National Society of Latino Arts and Culture: https://www.nalac.org/
Future Gazing: An interview with international educator and Director of Department of the Future’s, Mark GonzalesSeason 4: The Catalyst,, Episode 5: Guest host Dr. Ramona Beltrán and international educator and director of Department of the Future, Mark Gonzales, define futurism and the power of radical imagination in creating an equitable world. This episode honors and acknowledges what is while envisioning what can be. What would the world look like if care and empathy are at the forefront? What would it be like to live in a world where anti-racist work is no longer necessary? Join us for a conversation to both radically reimagine and actively manifest the future.
Courses Taught By IRISE Post Docs
Hip Hop As Medicine
Critical Race & Ethnic Studies
Fridays: 12:00 - 3:40 pm
This course introduces the economic, ideological, and cultural roles of media in our society and racial hegemony. Students will have the opportunity of participating in a community-engagement project focused on hip-hop with youth from the Gang Rescue and Support Project (GRASP).Sign Up For Class
Women Writing Resistance
Monday & Wednesdays: 2:00 - 3:50 pm
Poets, bloggers, novelists, reporters, mothers, daughters, activists, survivors; Women have always written our resistance to systems and structures that would relegate us to second-class status.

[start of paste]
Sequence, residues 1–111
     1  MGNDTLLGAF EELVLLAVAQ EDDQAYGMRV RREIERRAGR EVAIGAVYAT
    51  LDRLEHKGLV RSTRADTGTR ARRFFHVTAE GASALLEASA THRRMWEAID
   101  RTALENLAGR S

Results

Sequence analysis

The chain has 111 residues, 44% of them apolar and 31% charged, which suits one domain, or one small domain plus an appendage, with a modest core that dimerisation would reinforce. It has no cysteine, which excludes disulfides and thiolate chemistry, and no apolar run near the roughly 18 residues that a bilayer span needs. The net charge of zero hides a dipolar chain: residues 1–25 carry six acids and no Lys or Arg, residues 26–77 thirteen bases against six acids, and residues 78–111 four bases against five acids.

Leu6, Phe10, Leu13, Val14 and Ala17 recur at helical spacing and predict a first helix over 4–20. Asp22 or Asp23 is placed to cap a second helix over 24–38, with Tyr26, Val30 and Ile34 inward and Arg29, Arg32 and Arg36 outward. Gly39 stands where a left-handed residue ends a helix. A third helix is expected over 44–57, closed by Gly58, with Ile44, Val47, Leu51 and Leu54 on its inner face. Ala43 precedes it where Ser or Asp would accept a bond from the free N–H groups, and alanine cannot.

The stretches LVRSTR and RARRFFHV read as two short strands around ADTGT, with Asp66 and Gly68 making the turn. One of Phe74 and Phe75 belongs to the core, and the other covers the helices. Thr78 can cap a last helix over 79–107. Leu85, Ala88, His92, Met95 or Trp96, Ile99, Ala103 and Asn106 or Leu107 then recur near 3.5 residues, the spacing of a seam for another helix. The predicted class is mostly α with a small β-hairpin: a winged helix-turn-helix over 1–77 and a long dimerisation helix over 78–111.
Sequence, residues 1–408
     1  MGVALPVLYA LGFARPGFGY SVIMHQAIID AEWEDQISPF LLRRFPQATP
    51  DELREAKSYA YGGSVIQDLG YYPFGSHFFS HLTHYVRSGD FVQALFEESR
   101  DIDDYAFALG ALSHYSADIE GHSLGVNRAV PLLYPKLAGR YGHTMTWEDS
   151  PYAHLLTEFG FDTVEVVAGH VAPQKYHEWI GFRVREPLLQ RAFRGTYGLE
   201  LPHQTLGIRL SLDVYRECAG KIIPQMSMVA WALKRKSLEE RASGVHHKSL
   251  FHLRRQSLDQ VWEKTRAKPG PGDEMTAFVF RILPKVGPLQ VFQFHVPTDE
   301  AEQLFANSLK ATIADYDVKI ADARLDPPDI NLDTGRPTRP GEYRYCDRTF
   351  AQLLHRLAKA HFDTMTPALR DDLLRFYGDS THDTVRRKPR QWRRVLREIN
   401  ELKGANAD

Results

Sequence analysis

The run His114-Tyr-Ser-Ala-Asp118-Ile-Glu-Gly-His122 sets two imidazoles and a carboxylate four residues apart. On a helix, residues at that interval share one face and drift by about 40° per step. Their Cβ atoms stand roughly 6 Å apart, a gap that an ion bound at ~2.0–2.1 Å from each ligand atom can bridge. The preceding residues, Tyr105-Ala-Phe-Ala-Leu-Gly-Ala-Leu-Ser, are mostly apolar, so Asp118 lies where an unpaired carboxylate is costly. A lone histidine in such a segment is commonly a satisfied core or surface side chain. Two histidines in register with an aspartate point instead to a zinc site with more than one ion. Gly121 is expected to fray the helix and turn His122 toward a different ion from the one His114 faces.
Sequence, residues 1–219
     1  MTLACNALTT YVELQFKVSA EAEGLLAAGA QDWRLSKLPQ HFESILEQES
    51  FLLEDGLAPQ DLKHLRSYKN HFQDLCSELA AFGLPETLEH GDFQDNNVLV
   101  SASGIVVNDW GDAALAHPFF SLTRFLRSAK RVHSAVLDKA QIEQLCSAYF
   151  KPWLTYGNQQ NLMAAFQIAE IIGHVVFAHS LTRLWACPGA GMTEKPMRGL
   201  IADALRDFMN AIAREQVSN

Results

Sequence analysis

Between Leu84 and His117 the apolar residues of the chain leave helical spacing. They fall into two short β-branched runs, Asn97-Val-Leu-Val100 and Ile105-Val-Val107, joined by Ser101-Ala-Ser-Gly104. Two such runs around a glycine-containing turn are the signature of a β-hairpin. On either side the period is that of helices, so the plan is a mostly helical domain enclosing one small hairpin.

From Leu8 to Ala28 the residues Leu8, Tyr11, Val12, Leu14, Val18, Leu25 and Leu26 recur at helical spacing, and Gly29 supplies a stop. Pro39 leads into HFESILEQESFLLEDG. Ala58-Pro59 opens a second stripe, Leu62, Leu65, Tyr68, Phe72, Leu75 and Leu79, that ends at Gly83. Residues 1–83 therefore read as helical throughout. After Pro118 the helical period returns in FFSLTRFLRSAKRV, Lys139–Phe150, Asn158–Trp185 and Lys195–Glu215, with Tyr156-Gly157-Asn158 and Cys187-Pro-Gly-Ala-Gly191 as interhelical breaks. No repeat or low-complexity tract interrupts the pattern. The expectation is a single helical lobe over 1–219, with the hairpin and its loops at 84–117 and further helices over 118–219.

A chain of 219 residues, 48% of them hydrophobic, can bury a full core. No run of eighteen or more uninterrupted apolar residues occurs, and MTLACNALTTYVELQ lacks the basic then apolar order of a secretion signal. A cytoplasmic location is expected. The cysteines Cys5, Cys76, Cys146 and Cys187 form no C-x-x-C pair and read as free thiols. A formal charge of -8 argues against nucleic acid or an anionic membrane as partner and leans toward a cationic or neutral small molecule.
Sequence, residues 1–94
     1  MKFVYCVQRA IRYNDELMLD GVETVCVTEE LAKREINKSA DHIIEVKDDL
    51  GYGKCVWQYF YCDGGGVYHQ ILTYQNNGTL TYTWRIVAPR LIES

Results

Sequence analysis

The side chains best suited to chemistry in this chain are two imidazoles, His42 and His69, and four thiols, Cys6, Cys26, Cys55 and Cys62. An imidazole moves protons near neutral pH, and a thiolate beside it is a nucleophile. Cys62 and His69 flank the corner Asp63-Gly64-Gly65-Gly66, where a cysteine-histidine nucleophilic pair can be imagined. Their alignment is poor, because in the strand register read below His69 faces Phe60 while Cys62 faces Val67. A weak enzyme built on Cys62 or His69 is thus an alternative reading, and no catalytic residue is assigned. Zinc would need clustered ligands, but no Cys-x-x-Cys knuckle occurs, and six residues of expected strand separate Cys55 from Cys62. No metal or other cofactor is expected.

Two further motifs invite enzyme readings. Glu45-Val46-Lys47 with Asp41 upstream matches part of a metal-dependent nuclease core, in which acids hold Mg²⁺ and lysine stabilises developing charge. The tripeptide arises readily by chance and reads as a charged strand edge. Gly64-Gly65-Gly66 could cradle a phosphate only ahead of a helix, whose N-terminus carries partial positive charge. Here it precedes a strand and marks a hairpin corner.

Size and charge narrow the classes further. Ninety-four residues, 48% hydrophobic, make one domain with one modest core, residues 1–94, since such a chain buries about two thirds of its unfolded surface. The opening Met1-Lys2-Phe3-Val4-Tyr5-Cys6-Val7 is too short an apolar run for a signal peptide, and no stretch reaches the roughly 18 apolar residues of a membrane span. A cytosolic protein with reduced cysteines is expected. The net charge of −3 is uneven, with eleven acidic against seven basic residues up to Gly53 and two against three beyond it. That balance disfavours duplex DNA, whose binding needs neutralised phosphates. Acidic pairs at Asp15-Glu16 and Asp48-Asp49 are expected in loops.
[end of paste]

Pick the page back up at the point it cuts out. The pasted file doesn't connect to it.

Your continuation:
In this class, we will read, discuss, and analyze resistance writing by women from late 20th and early 21st centuries. We will also write our own narratives of resistance.
Sign Up For Class
Critical Latinx Indigeneities & Higher Education
Indigenous Latinx (IL) children and youth are a growing population that has often been rendered invisible in U.S. Schools. These Indigenous children and youth are often subsumed within the "Latina/o/x" and/or "Hispanic" category that homogenizes what it means to be "Latinx" or Latin American. Such homogenization, which is a continuation of colonial projects, erases Indigenous peoples' backgrounds and identities while creating dominant radicalized and linguistic categories (e.g., "white", "Latina/o/x", "Hispanic"). An outcome of this homogenization is the reproduction of inequitable power dynamics.
In this doctoral seminar, we will examine the intersections of Latix Indigeneities and Higher Education to better understand how Indigenous Latinx communities define and constitute Indigeneity across multiple and overlapping colonialities and racial geographies, and, especially, how these experiences overlap with and shape their educational experiences.Sign Up For Class